Washington – Numbers may be down from four years ago, but Connecticut residents will still flock to President Barack Obama’s second inauguration Monday.

Washington loves to mix parties with politicking and an inauguration provides fertile ground for that.

The practice dates back to the first president. On May 7, 1789, one week after the inauguration of George Washington in New York City, sponsors held a ball in his honor.

But it was not until 1809, when Dolley Madison held the first inaugural ball for James Madison at the Capitol, that the tradition of the official ball began.

There are plenty of inaugural receptions and parties this year.

For instance Gov. Dannel Malloy and the state’s congressional delegation will host a reception at Sonoma Restaurant and Wine Bar on Capitol Hill on Sunday.

Elizabeth Larkin, spokeswoman for the Connecticut Democratic Party, said the party is picking up Malloy’s share of the tab.

The lawmakers are paying for the party with campaign funds and personal money.

But lobbyists are directly funding dozens of inaugural parties and receptions in return for access to administration officials and congressional lawmakers.

“The inauguration is an expo for the biggest money-in-politics players,” said Sunlight Foundation Policy Director John Wonderlich.

Reversing a decision he made four years ago, Obama is allowing corporations and lobbying firms to donate without limits to the Presidential Inaugural Committee this year, hoping to raise $50 million for the event. Microsoft and AT&T are among the big-money donors.

Celebrations begin over the weekend and culminate Monday evening with two official balls and the last of the unofficial parties. There were a dozen official balls when Obama was sworn in four years ago. But the president whittled that down to two this year, saying he wanted to save money.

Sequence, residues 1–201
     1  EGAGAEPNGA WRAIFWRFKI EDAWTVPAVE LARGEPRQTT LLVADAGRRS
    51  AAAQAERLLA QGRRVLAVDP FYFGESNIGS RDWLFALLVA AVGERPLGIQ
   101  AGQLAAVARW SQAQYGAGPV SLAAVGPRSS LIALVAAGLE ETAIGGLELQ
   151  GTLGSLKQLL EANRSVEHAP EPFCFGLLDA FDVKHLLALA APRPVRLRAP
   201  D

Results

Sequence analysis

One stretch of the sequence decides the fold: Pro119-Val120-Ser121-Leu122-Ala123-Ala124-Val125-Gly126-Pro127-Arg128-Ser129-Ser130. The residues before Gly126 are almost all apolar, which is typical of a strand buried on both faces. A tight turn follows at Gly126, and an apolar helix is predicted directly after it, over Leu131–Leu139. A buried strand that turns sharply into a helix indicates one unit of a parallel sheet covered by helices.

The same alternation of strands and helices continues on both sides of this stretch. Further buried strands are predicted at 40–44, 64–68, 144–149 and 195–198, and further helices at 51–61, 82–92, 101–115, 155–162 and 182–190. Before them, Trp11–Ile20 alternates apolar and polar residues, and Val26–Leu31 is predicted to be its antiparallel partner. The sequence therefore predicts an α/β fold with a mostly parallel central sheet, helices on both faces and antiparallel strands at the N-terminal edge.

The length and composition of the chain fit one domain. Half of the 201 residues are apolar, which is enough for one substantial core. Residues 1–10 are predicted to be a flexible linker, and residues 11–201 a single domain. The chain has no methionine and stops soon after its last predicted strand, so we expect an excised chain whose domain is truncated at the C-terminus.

But there are plenty of unofficial balls and parties, including regional and state balls held by state societies that are usually sponsored by corporations and other special interests.

Connecticut residents attended a New England ball four years ago. But that’s not happening this year.

Brian Mahar, president of the Connecticut State Society– an organization of Connecticut residents in Washington — said “it just didn’t come together.”

The Connecticut State Society considered forgoing tuxedos and ball gowns and hosting a much less extravagant party with its counterpart from Massachusetts.

“But then Sandy Hook happened,” and the society turned its efforts toward helping Newtown, Mahar said.  “We’re putting our eyes on four years from now.”

Malloy arrived in Washington Friday to meet with Vice President Joe Biden and plans to address the Conference of Mayors Saturday.

He has one of the most coveted tickets in town — for one of the official balls. The other official ball is reserved exclusively for members of the military and their families and will feature Alicia Keys, Jamie Foxx, Jennifer Hudson and Marc Anthony.

The Connecticut Democratic Party is sending a busload of its members to the inauguration on a one-day trip that leaves Bloomfield at 11 p.m. Sunday.